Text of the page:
lake trout

Daily lake trout limits on Grand Traverse Bay are going down from one to two this year.
Gretchen Boyd

The daily lake trout limit for anglers on Grand Traverse Bay is reduced from two fish to one - effective immediately.

The Michigan Natural Resources Commission announced the change Friday.

 

They say it was necessary because last year’s recreational harvest limit for lake trout in Grand Traverse Bay was exceeded by nearly 16,000 pounds.

 

“We would encourage anglers to keep the first lake trout they catch and then shift to targeting other species,” says Heather Hettinger, a local DNR fisheries biologist.

MDNR

A popular fishery in northern Michigan was charged with illegally buying and selling lake trout. John Cross of Cross Fisheries in Charlevoix was sentenced to a year in prison and will pay a fine of more than $1 million.

Lake trout is heavily protected by state, tribal and federal agencies. A press release says Cross bought almost 50,000 pounds of the fish that was harvested by a trap net, but he reported that he got it via gillnet.

Fisheries Biologist Mark Ebener says what Cross did is more common than you would think

Taylor Wizner

In the first episode of Points North, a teen parenting program called "Generations Ahead" in Grand Traverse County expands to include dads. It helps parents day-to-day and encourages them to stay in school. Plus, we look at new harvest limits for lake trout fishers in Grand Traverse Bay and visit a wood baseball bat craftsman in the middle of his busy season. 


MDNR

People will not be able to catch as many lake trout in Grand Traverse Bay this year. The Michigan Department of Natural Resources says recreational fishers harvested an extra 15,800 pounds from the bay in 2018. As a result, the harvest limit has to be reduced by around 30,000 pounds this fishing season.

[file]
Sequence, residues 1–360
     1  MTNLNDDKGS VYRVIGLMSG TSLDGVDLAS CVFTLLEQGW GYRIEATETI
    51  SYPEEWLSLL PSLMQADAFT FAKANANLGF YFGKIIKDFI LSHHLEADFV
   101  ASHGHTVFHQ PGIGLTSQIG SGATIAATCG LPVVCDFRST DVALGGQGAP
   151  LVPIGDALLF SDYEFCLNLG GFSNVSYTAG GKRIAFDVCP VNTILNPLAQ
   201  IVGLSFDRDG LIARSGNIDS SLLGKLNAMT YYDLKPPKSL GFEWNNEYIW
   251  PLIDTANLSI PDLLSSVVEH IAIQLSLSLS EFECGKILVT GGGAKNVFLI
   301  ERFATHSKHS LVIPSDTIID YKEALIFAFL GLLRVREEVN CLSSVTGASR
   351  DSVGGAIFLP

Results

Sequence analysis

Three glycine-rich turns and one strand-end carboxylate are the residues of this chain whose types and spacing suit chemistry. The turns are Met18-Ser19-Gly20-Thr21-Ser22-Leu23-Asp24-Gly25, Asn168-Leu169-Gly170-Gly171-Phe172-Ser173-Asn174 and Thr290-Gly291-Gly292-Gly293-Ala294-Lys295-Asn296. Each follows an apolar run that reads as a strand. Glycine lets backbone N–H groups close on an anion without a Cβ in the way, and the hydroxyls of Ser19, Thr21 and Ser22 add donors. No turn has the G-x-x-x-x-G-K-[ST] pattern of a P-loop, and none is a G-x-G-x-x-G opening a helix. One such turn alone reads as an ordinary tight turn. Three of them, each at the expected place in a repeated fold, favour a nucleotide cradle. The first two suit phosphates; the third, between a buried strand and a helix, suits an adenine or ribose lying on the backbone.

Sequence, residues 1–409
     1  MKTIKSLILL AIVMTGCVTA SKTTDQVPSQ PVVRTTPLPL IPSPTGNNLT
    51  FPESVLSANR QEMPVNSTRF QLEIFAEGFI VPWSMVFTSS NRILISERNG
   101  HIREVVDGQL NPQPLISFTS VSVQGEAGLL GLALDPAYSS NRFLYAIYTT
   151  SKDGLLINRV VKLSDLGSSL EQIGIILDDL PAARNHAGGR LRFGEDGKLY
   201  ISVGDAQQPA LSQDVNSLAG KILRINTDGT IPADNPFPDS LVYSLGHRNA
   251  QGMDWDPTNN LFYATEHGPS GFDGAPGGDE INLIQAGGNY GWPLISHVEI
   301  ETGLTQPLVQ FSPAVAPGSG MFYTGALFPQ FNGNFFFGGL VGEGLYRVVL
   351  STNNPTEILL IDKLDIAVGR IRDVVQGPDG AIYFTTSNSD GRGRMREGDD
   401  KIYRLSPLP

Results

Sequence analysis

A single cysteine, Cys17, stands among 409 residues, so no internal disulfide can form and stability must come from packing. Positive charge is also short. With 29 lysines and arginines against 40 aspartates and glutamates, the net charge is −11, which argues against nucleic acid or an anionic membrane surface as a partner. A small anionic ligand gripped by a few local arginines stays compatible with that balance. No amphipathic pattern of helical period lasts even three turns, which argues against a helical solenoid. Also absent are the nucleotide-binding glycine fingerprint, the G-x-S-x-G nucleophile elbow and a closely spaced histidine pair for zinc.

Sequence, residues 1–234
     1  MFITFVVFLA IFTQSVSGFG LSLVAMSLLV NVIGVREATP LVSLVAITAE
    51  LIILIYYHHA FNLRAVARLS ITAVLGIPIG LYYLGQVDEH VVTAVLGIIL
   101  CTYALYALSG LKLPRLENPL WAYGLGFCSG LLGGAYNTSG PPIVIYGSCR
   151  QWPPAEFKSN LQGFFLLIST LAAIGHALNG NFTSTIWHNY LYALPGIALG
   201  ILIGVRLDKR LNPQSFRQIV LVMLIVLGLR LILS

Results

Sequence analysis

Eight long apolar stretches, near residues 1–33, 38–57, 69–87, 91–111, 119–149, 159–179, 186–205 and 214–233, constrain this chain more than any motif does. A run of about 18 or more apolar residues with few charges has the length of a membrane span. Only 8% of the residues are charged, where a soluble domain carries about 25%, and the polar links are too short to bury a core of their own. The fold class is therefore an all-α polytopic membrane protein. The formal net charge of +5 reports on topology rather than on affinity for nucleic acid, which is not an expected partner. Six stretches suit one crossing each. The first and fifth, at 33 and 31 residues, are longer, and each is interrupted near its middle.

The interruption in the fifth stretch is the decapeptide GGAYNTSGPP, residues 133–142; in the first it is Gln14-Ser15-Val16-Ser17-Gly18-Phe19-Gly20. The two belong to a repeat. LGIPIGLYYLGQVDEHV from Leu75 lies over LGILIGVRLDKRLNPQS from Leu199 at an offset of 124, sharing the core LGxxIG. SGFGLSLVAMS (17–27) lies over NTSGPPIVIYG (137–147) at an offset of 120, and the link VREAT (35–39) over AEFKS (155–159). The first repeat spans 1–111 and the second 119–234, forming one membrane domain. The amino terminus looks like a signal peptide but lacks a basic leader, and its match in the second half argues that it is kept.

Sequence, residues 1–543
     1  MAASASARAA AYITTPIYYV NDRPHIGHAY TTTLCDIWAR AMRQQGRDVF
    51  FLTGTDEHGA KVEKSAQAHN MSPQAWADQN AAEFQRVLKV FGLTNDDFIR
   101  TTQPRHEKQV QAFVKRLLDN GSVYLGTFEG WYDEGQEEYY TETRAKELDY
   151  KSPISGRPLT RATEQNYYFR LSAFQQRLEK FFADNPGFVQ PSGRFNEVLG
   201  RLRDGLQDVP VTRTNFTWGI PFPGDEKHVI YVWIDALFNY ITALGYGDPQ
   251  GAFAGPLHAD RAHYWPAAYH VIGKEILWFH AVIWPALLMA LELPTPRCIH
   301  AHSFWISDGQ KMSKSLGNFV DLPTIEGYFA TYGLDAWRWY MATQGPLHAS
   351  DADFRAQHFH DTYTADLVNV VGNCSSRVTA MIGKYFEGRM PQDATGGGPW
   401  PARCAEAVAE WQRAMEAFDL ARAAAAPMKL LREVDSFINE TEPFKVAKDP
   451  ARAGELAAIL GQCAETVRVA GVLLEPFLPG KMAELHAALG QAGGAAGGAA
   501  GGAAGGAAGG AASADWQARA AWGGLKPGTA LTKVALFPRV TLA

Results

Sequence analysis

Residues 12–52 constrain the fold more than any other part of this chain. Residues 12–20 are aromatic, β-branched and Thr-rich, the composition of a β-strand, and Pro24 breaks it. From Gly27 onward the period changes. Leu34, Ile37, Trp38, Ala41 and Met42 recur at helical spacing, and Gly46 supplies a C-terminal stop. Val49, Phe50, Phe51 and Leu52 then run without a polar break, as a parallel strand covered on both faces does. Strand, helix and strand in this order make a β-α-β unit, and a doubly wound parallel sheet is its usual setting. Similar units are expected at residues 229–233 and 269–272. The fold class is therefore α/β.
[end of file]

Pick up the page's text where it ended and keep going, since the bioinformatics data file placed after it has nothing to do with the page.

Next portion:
Harvest limits are determined by treaty tribes, the federal government and the state. 

Remnant fish species discovered in Antrim County

Jan 2, 2017
Photo Credit: MDNR

Researchers have discovered a very special population of fish lurking in the depths of Elk Lake in Antrim County. These fish share a unique heritage, linking them to the native lake trout that disappeared from Lake Michigan over 50 years ago.

  

An industrial chemical is showing up in trout from the Great Lakes. It’s called perfluoro-1-butane sulfonamide, or FBSA.

Researchers traced this chemical back to several products on the market. Those include detergents and surfactants first used in 2003. Surfactants are materials made to stainproof and waterproof products.

Michigan Department of Natural Resources

A fish that was nearly wiped out of the Great Lakes is on its way to a full recovery now in Lake Huron. Lake trout are suddenly doing what biologists have been trying to get them to do for more than 40 years: make babies. The change might mean a more stable and resilient ecosystem in the future.

Jim Johnson didn't think he'd see the day when lake trout recovered in Lake Huron. Johnson runs Michigan’s Fisheries Research Station in Alpena. He’s been working on the lake for 25 years and for most of that time it looked hopeless.

It might surprise you to hear that some native fish are doing really well in one of the Great Lakes. For years now, we’ve heard bad news about the lakes. Most of it has to do with invasive species getting into the lakes and wrecking the food web. One writer memorably called it a slow-moving underwater wildfire.The recent swing in the other direction is so dramatic scientists are a bit puzzled and can’t explain what’s happening.

Regime shift?